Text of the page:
It’s no secret that IPAs are bitter, but did you know that biology says we dislike bitter flavors because it helps us avoid consuming poisons, which often taste bitter? So if you’ve got a friend or two who just can’t get into the IPA game, you can’t blame them—it’s just science!

But not every IPA has the same flavor profile. We spoke to brewers, bloggers and beer lovers that swear there are some truly excellent IPAs out there for the hesitant.

With National IPA Day (August 6th) upon us, here are several great IPAs that may just make believers out of the hater crowd.

Sierra Nevada Ruthless Rye
Community Coordinator at Aeronaut Brewing Company in Somerville, MA, Liz Pratt recommends a Sierra Nevada Ruthless Rye IPA. (Writer’s note: Why isn’t it just called Ruthless RyePA?) It’s described as fruity, citrusy, dry, peppery and herbal with a great balance between the contrasting and complex character of its malt and hops.

Firestone Double Jack
Beachwood BBQ & Brewery’s owner, Gabe Gordon goes for a Double Jack from Firestone Walker, Brewing Co. as it tends to be maltier. Firestone refers to it as “dangerously drinkable” with “undertones of stone fruits, and as having “a sturdy pale and crystal malt backbone to bring balance.”

Anchorage White Galaxy

Anchorage Galaxy White
Tanner Agar, CEO of Brüd Food, recommends Anchorage Brewing Company’s Galaxy White IPA, a fruit beer. One reviewer on Beer Advocate concurs, adding that there is “a pungent spiciness that sets it apart from most IPAs”, and overall it’s a “different IPA experience.”

Gigantic Pipe Wrench
Jenna Forstrom, Founder of BiteSizeBrews.com, and co-founder of HopHands.com, believes the piney taste of a Gin IPA such as Gigantic Brewing Company’s Pipe Wrench won’t just make gin-lovers IPA believers. One Beer Advocate reviewer notes its “great balance of hops and malts,” while another commends its “nice mix of piney and citrus hop flavors up front with an emphasis on tangerine, clean toasted malt undertone, followed by an earthy spicy finish.”

G2B Citra
G2B brewery and restaurant head brewer Andrew Christenbury recommends G2B Citra IPA as an “easy-to-drink” alternative. He created G2B’s signature IPA using only Citra hops, giving the beer an approachable and sessionable citrus flavor which is perfect for those who are thrown off by the typical bitterness found in most mainstream IPAs.

Independence Hoppy Diver

Independence Hoppy Diver Session IPA
“I think that most people who don’t like IPAs really don’t like the assertive bitterness that is imparted by bittering hops (added in the boil),” says Amy Cartwright, co-founder and President of Austin’s Independence Brewing Co. “Some IPAs like our Hoppy Diver Session IPA focus on accentuating the fruitier flavors that hops can impart.”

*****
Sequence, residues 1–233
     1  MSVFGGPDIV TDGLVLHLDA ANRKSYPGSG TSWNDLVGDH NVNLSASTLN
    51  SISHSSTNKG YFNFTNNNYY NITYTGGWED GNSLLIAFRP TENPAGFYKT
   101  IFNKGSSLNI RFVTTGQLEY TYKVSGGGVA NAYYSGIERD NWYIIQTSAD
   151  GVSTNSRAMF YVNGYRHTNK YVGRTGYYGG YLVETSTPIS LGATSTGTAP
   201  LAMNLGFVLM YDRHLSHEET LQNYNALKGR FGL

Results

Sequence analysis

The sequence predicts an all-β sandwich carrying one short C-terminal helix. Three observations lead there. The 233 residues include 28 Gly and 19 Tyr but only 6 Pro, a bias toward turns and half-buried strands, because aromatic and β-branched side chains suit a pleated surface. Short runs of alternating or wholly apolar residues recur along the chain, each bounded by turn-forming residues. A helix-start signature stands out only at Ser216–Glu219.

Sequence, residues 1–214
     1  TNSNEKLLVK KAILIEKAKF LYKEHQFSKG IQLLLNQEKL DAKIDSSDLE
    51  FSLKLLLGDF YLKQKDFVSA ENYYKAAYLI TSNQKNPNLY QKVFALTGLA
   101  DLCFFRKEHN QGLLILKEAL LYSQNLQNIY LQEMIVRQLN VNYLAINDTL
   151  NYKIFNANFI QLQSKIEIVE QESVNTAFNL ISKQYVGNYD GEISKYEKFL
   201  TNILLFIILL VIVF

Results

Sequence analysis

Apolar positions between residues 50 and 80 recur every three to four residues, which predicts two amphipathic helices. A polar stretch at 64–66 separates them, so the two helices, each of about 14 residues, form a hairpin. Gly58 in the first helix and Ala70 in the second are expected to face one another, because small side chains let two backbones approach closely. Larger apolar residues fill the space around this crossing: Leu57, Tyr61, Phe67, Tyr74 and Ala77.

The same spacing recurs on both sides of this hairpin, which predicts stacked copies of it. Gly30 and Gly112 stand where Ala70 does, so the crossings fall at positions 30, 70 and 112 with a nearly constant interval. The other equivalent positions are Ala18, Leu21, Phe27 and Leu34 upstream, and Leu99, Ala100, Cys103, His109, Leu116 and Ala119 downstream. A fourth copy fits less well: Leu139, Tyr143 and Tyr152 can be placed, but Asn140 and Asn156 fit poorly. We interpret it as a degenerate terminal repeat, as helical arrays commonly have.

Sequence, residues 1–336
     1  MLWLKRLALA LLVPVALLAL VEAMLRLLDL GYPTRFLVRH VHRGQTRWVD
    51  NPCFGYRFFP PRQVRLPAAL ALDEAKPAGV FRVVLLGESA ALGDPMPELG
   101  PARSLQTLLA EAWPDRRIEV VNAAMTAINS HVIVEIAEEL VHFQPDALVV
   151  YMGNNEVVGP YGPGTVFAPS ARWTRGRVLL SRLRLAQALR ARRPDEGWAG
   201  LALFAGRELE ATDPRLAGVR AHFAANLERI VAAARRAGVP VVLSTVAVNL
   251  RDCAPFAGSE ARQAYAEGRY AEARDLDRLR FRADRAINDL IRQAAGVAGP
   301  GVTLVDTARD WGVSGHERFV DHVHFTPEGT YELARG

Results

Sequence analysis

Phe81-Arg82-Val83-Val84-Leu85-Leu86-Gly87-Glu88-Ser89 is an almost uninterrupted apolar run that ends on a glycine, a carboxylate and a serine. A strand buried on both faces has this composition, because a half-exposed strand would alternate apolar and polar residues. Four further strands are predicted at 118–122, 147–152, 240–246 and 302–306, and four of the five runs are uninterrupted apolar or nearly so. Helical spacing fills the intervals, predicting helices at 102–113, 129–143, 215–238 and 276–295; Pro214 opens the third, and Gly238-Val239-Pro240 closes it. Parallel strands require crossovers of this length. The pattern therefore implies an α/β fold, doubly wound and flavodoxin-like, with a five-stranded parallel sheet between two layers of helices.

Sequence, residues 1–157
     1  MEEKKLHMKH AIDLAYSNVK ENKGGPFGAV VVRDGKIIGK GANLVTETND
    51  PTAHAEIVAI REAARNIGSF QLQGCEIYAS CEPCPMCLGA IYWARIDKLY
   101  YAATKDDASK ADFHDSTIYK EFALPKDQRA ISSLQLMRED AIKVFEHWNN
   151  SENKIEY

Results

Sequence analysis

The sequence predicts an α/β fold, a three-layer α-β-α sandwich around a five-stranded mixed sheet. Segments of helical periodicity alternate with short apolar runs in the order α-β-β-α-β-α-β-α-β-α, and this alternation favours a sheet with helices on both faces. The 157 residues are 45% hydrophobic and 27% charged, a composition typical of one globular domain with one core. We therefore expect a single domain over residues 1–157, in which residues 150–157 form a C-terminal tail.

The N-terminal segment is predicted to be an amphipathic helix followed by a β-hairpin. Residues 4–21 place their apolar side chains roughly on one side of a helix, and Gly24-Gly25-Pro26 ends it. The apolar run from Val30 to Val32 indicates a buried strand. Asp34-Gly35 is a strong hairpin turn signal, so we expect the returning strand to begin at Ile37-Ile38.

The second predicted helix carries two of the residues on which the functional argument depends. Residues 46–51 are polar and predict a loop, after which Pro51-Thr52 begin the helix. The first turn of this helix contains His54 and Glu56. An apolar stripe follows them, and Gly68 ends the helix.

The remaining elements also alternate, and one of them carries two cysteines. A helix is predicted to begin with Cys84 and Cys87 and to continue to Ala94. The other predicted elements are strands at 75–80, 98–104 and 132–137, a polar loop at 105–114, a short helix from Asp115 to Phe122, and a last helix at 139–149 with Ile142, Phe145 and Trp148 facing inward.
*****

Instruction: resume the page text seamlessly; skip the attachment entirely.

Sam Adams Rebel Rider
Samuel Adams brewer Jennifer Glanville offers up their Rebel Rider for its ”bold yet mellow hop character of a West Coast-style IPA complemented by the golden crispness and lighter body of a session beer.”

21st Amendment Down to Earth
21st Amendment Brewery co-founder Shaun O’Sullivan says their new Down to Earth IPA is “very accessible” due to its “balanced bitterness supported by a light malt sweetness” and dry finish. “The added benefit is that it has less than half the alcohol of most IPAs but all the flavor; so it’s great for both the hop head fan and those that are reluctant to dive into the IPA pond.”

Dogfish Head India Brown Ale

Dogfish Head India Brown Ale, Deschutes Chainbreaker, Lost Coast Sharkinator
For people who like wheat beers, March Schultz, certified cicerone and beermonger for Slater’s 50/50 (a burger concept restaurant based on SoCal), recommends a white IPA like Deschutes Chainbreaker or Lost Coast Sharkinator, as the wheat content makes them “light, crisp and refreshing” while “the hops enhance the citrus qualities.” For those who prefer stouts, porters and maltier brews, he suggests Dogfish Head India Brown Ale. “The solid malt backbone balances the hops so the taste is not overpowering. The hops temper the sweetness from the malt, ultimately making it more sessionable.”

Bell’s Hopslam, Stone Japanese Green Tea
Cooper’s Craft & Kitchen owners Thomas O’Byrne and David Clarke are big on Bell’s Brewery Inc.’s Hopslam IPA. “It’s brewed with hops that provide more of a floral flavor, making it much less bitter and much more of a gateway IPA into the style. And it’s actually quite strong at 10 percent alcohol.” Kimmie David, the head server over at Cooper’s, says the Japanese Green Tea’s green tea infusion took her mind off of any hoppy bitterness.

Conquests’ Sacred Heart
Blogger Nick McCormac, whose blog Drink.Blog.Repeat covers “Everything SC beer” recommends Sacred Heart IPA from Conquest Brewing Co. He notes that the East Coast-style IPA has “tropical notes of pineapple”, “juicy hop flavors” and an “approachability that even a new craft beer drinker can enjoy.”